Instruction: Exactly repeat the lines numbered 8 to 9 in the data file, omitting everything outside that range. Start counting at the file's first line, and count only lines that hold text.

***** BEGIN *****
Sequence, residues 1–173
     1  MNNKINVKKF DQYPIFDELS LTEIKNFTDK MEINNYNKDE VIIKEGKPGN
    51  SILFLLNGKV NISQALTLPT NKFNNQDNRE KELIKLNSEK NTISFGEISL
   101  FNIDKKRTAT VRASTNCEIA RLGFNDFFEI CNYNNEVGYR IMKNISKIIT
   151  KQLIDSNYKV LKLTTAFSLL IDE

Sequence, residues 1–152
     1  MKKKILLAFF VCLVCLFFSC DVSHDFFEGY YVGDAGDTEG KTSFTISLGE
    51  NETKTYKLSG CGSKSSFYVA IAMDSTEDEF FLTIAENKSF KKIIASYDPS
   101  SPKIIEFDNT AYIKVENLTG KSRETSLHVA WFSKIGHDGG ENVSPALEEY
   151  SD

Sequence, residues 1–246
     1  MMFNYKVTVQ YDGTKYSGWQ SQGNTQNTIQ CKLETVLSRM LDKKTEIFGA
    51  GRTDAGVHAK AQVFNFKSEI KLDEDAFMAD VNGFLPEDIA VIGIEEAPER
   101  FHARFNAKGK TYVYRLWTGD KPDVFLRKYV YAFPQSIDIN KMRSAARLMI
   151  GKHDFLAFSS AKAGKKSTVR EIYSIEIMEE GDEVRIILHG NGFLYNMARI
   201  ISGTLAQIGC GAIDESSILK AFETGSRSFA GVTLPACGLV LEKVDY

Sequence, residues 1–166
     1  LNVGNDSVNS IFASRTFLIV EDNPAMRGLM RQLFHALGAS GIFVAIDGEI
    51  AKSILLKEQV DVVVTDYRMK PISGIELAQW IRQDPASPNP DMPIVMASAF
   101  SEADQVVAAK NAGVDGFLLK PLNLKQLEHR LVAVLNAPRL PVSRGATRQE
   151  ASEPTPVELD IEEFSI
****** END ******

    51  NETKTYKLSG CGSKSSFYVA IAMDSTEDEF FLTIAENKSF KKIIASYDPS
   101  SPKIIEFDNT AYIKVENLTG KSRETSLHVA WFSKIGHDGG ENVSPALEEY